Men: Avoid Self-Fulfilling Self Pity

Men: Avoid Self-Fulfilling Self Pity October 23, 2017

Tony Esolen, professor of English Renaissance and classical literature at the Thomas More College, recently posted a little Facebook pep talk for men about self-pity. It went right along with some thoughts I’ve had lately:

Men — I am speaking to YOU, man to man, here. You know and I know that the one thing that will ensure your failure is if you are persuaded that your failure is inevitable, because the world is against you. Let us suppose that people in general ARE against you. You have three options. One is to preoccupy yourself with it, and complain about it, and — because you will not be able to resist the temptation — attribute your failures to it.

The second is to ignore it. The third is to be aware of it, and to be doggedly committed to being MORE virtuous than your detractors, MORE industrious, MORE likely to get your rear end into church, MORE committed to cleanness at least before marriage and to begetting children only within marriage, MORE honest, MORE temperate with regard to booze, and so on …

The first option is lethal. The second is the way of the gentle and sweet-tempered Roy Campanella. The third is the way my father’s father chose for his children. The question is simply this. You want to win. What do you do to WIN? Forget about who does what to whom. Think only of winning. Worst strategy of all: one of resentment and self-exculpation.

gataccaLast night my wife and I watched Gattaca, which for some ridiculous reason is a relatively obscure film. It paints a dystopian world in which a person’s genetic makeup determines his entire course in life and place in society. No one exceeds his potential. No one breaks the biologically-determined social strata. You are either genetically selected upon fertilization for superior traits, or you are “invalid,” born naturally through sexual conception.

Yet throughout the film, genetically perfect people who were supposed to conquer the world fail in life. They fall short of their goals, they try to commit suicide, they chicken out, they let fear get the best of them, all because they’re leaning on their physical perfection to get them ahead in life, expecting everything to be handed to them as it was at birth.

The genetically imperfect, on the other hand, are shown conquering enormous odds, overcoming adversity, exercising that much harder, studying that much longer, refusing to quit, refusing to take “no” for an answer, and as a result, succeeding.

In one scene, the main character’s genetically perfect brother challenges him to a swim out to sea, attempting to settle an old score. Lost in the fog and the darkness, near drowning, this ubermensch tells his older brother they have to turn back to shore.

“It’s too late for that” his brother replies, and keeps swimming out to sea.

Broken, the perfect brother asks how the other, who was supposed to die of heart failure at age 30, keeps managing to best him at everything.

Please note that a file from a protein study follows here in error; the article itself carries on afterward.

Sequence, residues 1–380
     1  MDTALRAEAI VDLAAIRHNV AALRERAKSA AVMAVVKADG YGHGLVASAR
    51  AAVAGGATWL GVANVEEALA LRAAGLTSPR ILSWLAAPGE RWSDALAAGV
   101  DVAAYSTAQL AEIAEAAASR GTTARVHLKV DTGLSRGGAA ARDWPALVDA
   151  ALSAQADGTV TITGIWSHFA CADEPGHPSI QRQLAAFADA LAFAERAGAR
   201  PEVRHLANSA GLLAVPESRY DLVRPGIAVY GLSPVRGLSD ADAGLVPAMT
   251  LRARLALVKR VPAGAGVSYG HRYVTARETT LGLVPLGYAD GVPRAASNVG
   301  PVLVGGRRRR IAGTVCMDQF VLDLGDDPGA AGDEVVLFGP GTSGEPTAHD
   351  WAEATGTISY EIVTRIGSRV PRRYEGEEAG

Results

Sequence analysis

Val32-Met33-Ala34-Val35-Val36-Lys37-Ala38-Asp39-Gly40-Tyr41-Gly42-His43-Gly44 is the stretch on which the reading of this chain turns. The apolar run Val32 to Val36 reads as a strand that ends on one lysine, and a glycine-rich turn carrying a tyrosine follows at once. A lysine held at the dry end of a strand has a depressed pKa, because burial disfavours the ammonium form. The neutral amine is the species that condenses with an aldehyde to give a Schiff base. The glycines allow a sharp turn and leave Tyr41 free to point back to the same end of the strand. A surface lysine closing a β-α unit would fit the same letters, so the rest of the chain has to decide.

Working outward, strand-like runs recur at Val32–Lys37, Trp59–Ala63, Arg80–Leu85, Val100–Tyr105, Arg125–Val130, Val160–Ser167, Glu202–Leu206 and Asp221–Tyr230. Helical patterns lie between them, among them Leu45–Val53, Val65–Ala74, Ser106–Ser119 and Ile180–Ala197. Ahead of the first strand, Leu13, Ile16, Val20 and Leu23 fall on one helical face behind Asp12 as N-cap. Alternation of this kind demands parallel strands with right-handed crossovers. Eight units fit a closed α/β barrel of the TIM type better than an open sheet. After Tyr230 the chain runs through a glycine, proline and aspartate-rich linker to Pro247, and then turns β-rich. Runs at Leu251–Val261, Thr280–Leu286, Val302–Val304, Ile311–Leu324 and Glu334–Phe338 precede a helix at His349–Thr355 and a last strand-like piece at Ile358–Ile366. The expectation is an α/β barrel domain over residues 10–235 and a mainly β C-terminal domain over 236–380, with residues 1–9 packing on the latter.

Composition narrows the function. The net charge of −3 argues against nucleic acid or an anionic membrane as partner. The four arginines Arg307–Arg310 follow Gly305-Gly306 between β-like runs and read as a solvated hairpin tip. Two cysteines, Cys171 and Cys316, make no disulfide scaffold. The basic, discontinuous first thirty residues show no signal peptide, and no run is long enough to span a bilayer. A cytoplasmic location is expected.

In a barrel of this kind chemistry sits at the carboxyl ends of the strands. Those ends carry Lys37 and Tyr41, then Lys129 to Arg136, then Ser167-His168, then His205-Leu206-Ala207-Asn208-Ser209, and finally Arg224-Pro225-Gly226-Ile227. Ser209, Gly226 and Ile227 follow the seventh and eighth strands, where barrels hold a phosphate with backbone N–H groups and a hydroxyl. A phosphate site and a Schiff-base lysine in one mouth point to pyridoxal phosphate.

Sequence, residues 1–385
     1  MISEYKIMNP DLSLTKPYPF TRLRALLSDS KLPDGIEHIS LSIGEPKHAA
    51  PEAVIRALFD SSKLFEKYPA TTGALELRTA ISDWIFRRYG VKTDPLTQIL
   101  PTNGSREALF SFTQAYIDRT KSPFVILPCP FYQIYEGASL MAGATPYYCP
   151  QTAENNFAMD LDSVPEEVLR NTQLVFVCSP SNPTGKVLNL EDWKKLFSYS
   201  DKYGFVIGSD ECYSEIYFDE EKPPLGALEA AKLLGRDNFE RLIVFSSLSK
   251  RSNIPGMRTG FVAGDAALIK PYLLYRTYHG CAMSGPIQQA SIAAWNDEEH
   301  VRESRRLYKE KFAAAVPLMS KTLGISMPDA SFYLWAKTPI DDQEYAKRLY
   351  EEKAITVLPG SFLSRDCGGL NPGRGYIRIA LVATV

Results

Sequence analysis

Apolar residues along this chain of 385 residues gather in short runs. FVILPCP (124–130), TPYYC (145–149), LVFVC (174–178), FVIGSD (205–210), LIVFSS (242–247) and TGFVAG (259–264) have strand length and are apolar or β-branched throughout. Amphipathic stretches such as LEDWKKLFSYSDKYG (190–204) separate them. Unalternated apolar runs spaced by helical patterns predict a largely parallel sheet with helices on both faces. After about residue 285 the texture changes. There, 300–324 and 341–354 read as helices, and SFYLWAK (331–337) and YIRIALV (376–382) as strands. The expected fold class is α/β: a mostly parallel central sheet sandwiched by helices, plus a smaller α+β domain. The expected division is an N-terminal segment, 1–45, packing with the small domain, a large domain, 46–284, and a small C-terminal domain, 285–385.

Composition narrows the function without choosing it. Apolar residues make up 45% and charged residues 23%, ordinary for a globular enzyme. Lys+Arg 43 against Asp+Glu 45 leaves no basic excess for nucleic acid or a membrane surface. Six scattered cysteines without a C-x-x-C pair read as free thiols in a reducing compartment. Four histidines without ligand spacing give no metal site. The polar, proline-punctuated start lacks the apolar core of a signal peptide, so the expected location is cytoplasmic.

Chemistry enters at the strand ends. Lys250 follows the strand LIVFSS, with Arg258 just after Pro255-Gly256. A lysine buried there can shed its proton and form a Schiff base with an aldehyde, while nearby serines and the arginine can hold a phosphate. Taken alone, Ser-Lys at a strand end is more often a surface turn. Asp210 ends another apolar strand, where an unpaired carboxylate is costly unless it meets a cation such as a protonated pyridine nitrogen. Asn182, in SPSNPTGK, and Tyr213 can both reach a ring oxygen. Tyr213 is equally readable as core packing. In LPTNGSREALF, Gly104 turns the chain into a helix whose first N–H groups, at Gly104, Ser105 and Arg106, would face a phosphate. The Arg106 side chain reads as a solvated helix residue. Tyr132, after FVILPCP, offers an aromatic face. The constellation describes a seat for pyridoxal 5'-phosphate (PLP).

“You wanna know how I did it?” comes the reply.  “This is how I did it…I never saved anything for the swim back.”

I hear a lot of men these days complaining that life is just too hard, that the deck of society is stacked against them, and that feminism is keeping them from succeeding. “Why even try?” they often wonder.

This is why. Because what life hands you is only half the game. The other half is what you do with it. You are not the sum of your constituent atoms and circumstances. And often, it is precisely the hardship, the adversity, the impediments, the weaknesses, and the barriers that give people the drive necessary to succeed, allowing them to excel even those who had everything going for them and chose to sit on their laurels.

More important than earthly achievement, there’s the spiritual dimension. C. S. Lewis observes in “Mere Christianity” that we will likely discover when we reach Heaven and all our earthly garments fall away that many of the Christians we considered “great” were actually abysmal failures at reaching their massive God-given potential, while many of those we considered rather ordinary and not especially virtuous overcame enormous obstacles, fought back fiercer temptations, and won incredible dividends on their meager talents. They will be first in the Kingdom of God because they utterly used up what they were given, while many others who were objectively more successful on earth barely tapped their potential.

This may be part of what Jesus meant when He said the least shall be greatest. Don’t worry about what other people have. Don’t blame your problems on others, and don’t fall for the self-fulfilling prophecy that your story is written by your circumstances. Don’t save anything for the swim back.

Image: Gattaca, Columbia Pictures

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